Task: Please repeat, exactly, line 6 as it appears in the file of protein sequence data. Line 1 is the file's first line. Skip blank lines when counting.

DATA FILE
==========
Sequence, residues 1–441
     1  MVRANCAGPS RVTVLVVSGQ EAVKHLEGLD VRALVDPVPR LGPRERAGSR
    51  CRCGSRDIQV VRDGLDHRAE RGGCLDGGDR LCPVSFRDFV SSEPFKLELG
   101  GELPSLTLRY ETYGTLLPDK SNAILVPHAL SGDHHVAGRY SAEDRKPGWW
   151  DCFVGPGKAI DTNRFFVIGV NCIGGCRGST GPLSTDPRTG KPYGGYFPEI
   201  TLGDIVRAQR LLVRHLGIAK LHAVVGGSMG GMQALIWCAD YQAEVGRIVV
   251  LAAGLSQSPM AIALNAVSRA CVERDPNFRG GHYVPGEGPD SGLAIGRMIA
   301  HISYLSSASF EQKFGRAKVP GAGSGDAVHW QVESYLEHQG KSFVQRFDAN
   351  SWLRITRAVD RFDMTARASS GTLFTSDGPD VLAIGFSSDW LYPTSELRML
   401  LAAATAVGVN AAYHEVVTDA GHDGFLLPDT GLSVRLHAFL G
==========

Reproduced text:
   201  TLGDIVRAQR LLVRHLGIAK LHAVVGGSMG GMQALIWCAD YQAEVGRIVV